Peter was born in Jena, Germany in 1936, and grew up with the hardships of World War II Germany. During the wartime Peter had a life-changing event in the form of a visit from his mother's cousin. The relative was riding a motorcycle with a sidecar. Peter knew that he had to have one as soon as possible. When the war ended, his father ...(had)the family chose to come to the United States in 1947.

In 1957 he started a series of scientific research jobs to support his young family. These jobs included pioneer research with lasers at Harshaw Chemical and working with photo lamp designers at General Electric. During that time he honed his skills on banjo and taught himself guitar, mandolin and Old Time fiddle.

Motorcycle racing continued to be a part of his life. He participated in scramble and flat track races and became a champion ice racer in the early 1960's. The family spent many cold winter Saturdays watching motorcycles customized for racing on ice with inch and a quarter metal spikes protruding from the tires, roar around frozen New England lakes.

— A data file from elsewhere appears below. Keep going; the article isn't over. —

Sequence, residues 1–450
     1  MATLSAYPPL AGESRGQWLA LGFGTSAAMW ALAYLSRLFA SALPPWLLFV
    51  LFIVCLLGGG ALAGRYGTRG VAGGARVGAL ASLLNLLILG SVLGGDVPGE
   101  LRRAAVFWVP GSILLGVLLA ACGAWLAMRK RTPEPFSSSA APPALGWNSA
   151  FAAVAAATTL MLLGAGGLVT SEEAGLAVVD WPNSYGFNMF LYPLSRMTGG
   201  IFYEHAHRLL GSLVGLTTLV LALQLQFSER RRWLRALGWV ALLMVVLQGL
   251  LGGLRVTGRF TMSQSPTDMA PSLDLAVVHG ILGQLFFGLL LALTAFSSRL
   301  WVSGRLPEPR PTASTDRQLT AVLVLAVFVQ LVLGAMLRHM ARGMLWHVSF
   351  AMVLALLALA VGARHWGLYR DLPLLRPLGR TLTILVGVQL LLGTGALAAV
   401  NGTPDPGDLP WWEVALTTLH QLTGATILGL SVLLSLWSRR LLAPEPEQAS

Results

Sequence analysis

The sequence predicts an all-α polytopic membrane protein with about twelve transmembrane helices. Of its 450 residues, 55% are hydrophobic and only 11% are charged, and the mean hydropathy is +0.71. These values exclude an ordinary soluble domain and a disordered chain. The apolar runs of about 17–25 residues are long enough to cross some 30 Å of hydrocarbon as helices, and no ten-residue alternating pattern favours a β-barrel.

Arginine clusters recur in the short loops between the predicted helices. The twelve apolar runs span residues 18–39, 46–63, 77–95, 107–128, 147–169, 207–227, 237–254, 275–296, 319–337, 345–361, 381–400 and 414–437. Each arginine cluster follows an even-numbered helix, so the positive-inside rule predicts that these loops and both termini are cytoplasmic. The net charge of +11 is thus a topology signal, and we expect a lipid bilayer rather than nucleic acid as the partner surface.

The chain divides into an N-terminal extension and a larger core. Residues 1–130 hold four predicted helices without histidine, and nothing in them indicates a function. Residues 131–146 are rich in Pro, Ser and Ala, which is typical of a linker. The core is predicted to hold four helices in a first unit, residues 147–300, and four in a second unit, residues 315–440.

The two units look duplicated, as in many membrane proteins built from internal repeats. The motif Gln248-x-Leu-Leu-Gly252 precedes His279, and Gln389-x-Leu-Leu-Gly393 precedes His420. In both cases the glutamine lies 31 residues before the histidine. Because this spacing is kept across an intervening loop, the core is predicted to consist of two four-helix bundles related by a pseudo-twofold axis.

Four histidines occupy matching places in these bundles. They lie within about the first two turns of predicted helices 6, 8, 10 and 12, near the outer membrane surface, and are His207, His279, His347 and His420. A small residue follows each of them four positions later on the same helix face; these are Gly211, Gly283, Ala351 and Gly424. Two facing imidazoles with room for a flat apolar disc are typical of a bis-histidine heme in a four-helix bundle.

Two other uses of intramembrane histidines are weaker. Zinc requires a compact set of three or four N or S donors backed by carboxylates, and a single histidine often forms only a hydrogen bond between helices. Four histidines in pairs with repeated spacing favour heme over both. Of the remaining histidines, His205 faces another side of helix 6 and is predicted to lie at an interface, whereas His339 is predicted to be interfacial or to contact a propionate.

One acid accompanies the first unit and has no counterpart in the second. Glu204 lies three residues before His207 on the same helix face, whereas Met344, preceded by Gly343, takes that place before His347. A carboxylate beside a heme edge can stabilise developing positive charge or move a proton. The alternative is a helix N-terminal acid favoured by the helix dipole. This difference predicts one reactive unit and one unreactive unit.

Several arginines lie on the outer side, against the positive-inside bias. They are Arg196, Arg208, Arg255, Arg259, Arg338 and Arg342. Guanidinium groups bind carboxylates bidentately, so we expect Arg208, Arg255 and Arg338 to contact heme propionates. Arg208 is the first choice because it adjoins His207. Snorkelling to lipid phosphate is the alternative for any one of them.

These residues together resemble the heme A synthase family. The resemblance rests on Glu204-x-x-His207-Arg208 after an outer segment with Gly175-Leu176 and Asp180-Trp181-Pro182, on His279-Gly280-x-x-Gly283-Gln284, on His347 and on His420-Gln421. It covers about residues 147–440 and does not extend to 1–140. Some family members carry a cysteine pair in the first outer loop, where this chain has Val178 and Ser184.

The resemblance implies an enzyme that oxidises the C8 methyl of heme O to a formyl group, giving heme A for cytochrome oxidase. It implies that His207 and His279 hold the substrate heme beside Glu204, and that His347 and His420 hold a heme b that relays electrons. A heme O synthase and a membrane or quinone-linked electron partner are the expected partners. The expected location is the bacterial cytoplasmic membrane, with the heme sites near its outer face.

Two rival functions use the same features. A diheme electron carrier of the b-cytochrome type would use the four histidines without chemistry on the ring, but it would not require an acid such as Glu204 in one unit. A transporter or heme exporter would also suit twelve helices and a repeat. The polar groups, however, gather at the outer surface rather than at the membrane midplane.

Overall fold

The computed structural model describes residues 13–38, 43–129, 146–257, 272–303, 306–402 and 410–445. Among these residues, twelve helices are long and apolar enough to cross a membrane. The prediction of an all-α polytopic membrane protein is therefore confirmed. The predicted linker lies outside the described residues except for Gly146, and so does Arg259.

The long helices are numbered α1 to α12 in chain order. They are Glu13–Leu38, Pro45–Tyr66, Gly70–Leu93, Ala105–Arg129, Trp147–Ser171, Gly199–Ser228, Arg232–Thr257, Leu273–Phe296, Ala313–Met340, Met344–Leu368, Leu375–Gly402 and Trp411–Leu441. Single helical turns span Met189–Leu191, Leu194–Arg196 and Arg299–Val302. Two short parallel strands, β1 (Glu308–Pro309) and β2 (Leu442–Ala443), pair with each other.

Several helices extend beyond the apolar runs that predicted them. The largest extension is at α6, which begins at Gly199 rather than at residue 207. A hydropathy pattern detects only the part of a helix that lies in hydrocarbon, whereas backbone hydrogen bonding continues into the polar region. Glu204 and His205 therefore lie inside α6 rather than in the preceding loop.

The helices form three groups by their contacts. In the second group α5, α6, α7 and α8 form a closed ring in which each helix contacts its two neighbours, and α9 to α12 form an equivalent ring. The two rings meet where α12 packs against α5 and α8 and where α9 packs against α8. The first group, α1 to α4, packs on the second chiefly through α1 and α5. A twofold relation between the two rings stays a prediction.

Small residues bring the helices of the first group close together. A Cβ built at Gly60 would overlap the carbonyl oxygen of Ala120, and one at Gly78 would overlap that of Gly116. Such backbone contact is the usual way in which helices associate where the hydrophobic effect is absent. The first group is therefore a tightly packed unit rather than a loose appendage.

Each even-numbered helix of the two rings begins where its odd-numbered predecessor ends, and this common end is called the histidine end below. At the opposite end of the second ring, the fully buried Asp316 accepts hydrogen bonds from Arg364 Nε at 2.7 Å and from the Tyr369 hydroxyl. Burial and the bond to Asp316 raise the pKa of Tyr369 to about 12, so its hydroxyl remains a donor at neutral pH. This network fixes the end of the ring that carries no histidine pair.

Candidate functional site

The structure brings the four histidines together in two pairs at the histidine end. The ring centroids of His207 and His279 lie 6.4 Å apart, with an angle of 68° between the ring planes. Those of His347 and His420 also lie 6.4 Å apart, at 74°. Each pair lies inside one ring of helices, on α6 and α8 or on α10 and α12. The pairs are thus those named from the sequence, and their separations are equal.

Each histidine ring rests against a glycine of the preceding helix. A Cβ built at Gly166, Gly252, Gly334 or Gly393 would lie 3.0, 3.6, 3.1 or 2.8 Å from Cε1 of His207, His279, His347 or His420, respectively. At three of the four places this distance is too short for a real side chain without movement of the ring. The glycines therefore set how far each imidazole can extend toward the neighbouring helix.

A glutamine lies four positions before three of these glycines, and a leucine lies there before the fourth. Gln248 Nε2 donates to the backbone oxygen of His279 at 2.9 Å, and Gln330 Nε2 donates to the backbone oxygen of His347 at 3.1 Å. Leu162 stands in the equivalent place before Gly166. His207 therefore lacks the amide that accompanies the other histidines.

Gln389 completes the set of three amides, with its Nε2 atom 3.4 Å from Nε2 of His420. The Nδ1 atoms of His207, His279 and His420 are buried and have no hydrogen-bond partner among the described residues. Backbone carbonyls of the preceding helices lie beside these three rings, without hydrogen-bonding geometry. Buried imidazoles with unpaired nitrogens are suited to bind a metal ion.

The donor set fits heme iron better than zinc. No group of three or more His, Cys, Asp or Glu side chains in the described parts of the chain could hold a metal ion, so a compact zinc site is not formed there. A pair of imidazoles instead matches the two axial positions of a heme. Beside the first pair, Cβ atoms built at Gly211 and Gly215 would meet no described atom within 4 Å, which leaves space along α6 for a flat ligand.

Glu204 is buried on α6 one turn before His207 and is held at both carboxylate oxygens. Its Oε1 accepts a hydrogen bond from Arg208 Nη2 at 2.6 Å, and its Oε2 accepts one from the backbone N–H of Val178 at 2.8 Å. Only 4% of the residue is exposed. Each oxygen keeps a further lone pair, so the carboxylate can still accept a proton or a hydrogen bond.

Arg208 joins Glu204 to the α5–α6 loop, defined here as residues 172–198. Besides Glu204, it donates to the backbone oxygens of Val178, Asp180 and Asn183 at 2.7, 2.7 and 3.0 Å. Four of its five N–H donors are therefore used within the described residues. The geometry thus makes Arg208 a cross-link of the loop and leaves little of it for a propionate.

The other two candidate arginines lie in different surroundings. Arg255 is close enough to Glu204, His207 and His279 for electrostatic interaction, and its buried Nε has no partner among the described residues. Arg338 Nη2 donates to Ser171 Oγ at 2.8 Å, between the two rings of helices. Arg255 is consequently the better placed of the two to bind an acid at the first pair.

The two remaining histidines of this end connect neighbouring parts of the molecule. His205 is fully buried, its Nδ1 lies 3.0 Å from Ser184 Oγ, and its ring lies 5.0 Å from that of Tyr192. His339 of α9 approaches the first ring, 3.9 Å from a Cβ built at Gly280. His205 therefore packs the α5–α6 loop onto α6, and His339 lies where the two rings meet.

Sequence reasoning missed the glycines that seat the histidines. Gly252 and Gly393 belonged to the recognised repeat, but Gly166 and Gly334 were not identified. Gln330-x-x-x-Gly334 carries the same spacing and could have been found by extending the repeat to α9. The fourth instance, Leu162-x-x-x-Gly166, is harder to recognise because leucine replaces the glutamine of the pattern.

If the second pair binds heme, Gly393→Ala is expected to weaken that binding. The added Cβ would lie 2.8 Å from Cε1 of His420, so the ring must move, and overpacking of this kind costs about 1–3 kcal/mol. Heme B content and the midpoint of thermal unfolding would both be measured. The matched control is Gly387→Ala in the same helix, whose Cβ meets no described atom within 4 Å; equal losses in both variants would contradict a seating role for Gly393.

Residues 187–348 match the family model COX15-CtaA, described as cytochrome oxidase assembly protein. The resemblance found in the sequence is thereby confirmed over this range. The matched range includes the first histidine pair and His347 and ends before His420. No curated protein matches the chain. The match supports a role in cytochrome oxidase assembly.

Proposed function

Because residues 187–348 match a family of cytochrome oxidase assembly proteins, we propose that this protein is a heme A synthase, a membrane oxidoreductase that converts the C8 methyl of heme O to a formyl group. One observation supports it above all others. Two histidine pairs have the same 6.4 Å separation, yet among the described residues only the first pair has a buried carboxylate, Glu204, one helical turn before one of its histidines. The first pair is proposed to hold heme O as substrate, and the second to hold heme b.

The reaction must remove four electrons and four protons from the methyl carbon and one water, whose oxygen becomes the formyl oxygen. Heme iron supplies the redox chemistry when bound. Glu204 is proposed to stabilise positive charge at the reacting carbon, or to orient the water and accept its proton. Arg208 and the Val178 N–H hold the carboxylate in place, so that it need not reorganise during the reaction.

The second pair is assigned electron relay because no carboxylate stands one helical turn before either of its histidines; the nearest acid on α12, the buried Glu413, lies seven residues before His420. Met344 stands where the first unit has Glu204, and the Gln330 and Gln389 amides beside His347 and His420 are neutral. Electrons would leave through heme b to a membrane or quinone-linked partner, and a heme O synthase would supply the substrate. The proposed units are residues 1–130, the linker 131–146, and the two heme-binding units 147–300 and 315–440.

Around 1970, Peter needed his fiddle repaired. Following a recommendation, he took his fiddle to a renowned local guitar maker. He was charged the then outrageous sum of forty dollars for the repair. The repaired crack opened up within a week. Knowing that he could do a better job himself, he added the hobby of string and fretted instrument repair to his already busy schedule.

He lost his corporate job with General Electric during an economic downturn in the mid 1970's. To help make ends meet, he started teaching traditional music styles in the Cleveland, Ohio area. The combination of a steady demand for instrumental music instruction, instrument repairs and a son, Bob Smakula, already building instruments in the family basement lead to the creation of a small business. They named the business, "Goose Acres Thumb Piano Factory & Dulcimer Works," in reference to the family home located next to a pond where a pair of Canada geese nested every year.